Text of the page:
|Robert William Taylor|
Robert William Taylor in 2008
February 10, 1932|
Dallas, Texas, United States
April 13, 2017 (aged 85)|
Woodside, California, United States
Southern Methodist University|
University of Texas
Computer networking & Communication systems
Modern personal computing
ACM Software Systems Award (1984)|
ACM Fellow (1994)
National Medal of Technology and Innovation (1999)
Charles Stark Draper Prize (2004)
Computer History Museum Fellow (2013) 
Digital Equipment Corporation
Robert William Taylor (February 10, 1932 - April 13, 2017), known as Bob Taylor, was an American Internet pioneer, who led teams that made major contributions to the personal computer, and other related technologies. He was director of ARPA's Information Processing Techniques Office from 1965 through 1969, founder and later manager of Xerox PARC's Computer Science Laboratory from 1970 through 1983, and founder and manager of Digital Equipment Corporation's Systems Research Center until 1996.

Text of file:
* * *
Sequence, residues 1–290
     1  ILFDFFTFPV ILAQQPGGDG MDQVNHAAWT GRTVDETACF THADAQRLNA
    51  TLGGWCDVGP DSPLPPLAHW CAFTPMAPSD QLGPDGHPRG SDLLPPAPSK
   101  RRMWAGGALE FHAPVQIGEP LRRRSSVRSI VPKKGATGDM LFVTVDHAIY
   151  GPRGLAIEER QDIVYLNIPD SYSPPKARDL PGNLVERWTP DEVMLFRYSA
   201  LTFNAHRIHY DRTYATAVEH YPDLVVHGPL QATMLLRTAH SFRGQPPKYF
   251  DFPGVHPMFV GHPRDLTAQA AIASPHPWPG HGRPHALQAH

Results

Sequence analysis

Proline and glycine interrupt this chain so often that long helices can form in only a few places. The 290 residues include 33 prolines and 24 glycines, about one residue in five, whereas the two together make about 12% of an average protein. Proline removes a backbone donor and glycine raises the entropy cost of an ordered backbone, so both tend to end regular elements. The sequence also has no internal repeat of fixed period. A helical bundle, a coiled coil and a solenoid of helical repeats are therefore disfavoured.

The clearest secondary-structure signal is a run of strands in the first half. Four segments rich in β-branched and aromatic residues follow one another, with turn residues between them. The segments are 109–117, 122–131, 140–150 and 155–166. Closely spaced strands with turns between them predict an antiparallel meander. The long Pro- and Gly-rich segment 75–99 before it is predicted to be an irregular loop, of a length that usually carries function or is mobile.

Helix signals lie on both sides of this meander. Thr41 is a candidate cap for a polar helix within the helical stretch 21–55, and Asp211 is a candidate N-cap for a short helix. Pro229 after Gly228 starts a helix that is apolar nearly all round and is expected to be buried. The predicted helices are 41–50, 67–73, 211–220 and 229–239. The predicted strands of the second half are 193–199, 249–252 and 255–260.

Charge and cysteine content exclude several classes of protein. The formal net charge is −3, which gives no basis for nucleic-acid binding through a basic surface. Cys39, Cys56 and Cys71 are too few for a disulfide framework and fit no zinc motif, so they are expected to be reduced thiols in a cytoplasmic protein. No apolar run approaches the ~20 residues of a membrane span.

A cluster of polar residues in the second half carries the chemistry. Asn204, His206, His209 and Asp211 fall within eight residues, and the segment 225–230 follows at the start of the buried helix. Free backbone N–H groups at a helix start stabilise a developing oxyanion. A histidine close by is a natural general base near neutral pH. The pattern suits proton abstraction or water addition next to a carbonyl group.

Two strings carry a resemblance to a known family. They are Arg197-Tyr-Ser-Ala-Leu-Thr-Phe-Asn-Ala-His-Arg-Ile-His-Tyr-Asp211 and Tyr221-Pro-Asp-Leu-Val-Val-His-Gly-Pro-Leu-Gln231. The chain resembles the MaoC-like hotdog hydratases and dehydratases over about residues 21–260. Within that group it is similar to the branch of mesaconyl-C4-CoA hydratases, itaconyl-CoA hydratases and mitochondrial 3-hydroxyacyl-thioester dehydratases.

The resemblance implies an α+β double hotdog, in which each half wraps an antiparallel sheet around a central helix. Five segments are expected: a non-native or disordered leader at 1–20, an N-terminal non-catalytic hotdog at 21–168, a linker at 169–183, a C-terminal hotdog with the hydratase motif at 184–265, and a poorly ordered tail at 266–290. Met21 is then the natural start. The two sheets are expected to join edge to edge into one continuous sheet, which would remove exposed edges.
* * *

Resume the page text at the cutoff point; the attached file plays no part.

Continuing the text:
Uniquely, Taylor had no formal academic training or research experience in computer science; Severo Ornstein likened Taylor to a "concert pianist without fingers," a perception reaffirmed by historian Leslie Berlin: "Taylor could hear a faint melody in the distance, but he could not play it himself. He knew whether to move up or down the scale to approximate the sound, he could recognize when a note was wrong, but he needed someone else to make the music."
His awards include the National Medal of Technology and Innovation and the Draper Prize. Taylor was known for his high-level vision: "The Internet is not about technology; it's about communication. The Internet connects people who have shared interests, ideas and needs, regardless of geography."